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      Effects of growth hormone and insulin-like growth factor-I on the iron-induced lipid peroxidation in the rat liver and porcine thyroid homogenates.

      Neuro endocrinology letters

      metabolism, Analysis of Variance, Animals, Ferrous Compounds, pharmacology, Growth Hormone, Insulin-Like Growth Factor I, Lipid Peroxidation, drug effects, Liver, Malondialdehyde, Rats, Swine, Thyroid Gland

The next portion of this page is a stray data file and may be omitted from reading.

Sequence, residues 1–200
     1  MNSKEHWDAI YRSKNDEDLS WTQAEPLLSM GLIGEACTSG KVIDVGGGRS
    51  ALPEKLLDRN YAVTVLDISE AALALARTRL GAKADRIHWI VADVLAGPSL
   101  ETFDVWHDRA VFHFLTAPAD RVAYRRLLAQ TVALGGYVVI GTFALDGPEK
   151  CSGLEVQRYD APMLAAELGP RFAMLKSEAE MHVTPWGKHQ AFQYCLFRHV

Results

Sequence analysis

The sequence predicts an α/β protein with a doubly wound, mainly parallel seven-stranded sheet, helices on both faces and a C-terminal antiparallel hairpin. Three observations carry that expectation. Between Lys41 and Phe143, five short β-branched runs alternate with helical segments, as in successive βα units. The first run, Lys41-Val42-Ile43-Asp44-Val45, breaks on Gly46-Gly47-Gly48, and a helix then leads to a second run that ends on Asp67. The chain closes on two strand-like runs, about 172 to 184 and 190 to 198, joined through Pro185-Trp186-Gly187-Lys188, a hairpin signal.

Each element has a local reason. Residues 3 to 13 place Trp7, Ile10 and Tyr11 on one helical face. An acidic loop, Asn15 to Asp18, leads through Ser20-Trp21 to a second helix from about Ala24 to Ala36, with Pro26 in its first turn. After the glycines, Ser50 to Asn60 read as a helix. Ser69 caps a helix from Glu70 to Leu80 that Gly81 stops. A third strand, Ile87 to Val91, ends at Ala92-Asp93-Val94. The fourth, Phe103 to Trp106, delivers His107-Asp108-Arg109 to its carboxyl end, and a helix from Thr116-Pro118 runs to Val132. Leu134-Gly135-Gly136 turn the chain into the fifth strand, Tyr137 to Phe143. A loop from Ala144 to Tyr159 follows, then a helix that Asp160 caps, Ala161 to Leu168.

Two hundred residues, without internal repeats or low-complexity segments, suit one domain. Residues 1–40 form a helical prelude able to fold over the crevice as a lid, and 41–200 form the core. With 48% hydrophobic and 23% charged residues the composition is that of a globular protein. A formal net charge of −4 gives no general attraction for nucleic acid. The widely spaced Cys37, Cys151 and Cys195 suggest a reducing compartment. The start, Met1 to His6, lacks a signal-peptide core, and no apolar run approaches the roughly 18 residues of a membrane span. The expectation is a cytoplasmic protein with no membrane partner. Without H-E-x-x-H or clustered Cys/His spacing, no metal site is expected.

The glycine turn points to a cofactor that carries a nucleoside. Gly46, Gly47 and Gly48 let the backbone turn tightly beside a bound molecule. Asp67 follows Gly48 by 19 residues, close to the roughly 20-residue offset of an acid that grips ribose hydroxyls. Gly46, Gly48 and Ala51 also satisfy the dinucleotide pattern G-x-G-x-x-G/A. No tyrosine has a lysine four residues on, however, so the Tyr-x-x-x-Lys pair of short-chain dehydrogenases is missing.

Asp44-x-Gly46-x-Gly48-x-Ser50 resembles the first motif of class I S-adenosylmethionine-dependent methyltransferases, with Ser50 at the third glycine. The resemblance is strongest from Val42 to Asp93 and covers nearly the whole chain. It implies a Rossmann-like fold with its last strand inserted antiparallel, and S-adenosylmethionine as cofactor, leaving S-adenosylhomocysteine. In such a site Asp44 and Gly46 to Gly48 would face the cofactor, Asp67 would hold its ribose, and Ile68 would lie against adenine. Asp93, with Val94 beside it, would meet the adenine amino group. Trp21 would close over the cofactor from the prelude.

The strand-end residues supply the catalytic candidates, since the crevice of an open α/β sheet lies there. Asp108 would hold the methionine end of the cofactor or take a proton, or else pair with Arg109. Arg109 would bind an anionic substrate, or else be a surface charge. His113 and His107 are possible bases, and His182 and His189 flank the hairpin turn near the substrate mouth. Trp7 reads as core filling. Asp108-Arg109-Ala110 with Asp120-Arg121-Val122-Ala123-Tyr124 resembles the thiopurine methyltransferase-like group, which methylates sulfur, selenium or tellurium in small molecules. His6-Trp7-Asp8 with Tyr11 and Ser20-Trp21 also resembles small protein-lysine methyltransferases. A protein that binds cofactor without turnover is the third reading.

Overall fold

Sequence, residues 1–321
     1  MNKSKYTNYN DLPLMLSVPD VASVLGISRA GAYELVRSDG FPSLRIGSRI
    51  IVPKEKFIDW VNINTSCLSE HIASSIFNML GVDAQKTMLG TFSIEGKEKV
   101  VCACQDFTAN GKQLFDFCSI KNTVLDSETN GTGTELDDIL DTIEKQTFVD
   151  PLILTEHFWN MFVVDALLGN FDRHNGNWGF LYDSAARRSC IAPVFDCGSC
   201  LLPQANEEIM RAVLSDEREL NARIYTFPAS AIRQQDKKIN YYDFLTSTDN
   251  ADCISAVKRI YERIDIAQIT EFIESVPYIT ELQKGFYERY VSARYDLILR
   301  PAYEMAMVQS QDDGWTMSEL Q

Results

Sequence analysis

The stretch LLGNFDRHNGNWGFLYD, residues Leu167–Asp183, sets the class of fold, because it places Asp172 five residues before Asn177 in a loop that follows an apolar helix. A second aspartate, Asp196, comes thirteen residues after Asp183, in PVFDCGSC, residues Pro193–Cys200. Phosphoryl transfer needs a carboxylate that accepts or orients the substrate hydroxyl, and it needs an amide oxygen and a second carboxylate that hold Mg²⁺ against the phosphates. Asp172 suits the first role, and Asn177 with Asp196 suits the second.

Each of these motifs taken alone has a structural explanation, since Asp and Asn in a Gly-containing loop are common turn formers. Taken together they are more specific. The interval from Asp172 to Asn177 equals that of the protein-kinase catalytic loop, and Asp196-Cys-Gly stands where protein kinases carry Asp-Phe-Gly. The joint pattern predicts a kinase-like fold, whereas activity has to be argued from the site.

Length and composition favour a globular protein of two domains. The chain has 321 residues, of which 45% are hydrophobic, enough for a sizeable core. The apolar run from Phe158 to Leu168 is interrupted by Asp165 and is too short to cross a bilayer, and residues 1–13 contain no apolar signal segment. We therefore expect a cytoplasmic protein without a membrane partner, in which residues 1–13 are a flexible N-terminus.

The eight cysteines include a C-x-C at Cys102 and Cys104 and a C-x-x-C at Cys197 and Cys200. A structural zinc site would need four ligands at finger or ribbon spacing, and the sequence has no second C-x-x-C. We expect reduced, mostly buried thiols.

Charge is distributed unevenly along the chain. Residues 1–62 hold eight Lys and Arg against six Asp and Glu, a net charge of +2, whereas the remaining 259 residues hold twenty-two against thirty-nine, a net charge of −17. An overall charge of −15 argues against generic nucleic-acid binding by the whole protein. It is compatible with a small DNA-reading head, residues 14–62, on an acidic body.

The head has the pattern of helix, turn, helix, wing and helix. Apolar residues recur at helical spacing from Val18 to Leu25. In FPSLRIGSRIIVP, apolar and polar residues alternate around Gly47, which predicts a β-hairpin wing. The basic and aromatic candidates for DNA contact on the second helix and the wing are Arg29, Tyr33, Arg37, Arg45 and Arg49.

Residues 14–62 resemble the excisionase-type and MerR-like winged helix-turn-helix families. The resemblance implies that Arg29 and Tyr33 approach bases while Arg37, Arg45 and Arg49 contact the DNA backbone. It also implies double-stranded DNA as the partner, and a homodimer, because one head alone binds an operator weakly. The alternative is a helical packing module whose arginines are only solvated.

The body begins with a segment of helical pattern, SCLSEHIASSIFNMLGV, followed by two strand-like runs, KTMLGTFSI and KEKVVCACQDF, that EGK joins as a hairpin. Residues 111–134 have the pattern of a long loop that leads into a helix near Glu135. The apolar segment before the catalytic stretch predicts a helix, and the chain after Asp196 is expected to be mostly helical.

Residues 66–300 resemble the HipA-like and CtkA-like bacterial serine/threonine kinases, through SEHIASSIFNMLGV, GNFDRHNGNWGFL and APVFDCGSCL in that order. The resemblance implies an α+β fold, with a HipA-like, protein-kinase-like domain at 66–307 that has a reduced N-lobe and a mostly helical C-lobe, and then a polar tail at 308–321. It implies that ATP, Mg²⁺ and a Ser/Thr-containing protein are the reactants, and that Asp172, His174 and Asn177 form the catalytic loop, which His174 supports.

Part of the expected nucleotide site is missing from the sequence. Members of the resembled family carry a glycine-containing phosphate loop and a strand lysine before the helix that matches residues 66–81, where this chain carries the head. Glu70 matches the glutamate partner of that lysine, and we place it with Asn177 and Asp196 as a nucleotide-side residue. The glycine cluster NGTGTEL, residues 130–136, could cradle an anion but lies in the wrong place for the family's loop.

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          Growth hormone (GH) and its tissue mediator, insulin-like growth factor-I (IGF-I), are involved in oxidative processes, lipid peroxidation (LPO) included. Bivalent iron (Fe2+) is frequently used to experimentally induce oxidative damage to macromolecules (Fe2++H2O2+H+→Fe3++•OH+H2O). The aim of the study was to evaluate the effect of GH and/or IGF-I on the iron-induced LPO in the rat liver and porcine thyroid homogenates. Rat liver and porcine thyroid homogenates were incubated in presence of GH (100; 10; 1.0; 0.1; 0.01; 0.001; 0.0001 µg/ml) or IGF-I (1000; 100; 10; 1.0; 0.1; 0.01; 0.001; 0.0001 µg/ml) or GH (100 µg/ml)+IGF-I, or FeSO4+H2O2 plus GH and/or IGF-I. The level of LPO was expressed as concentrations of malondialdehyde+4-hydroxyalkenals (MDA+4-HDA) per mg of protein. GH and/or IGF-I did not change the basal level of oxidative damage to lipids. In the rat liver homogenates, GH did not affect the iron-induced LPO, whereas IGF-I--in the lowest two concentrations--enhanced the process. In porcine thyroid homogenates, GH--in its two lowest concentrations--prevented, whereas in other concentrations, it enhanced the iron-induced LPO. IGF-I, in all used concentrations, enhanced the iron-induced LPO. GH and/or IGF-I may reveal prooxidative effects. This fact does not support their application in the treatment of disorders associated with increased oxidative damage.

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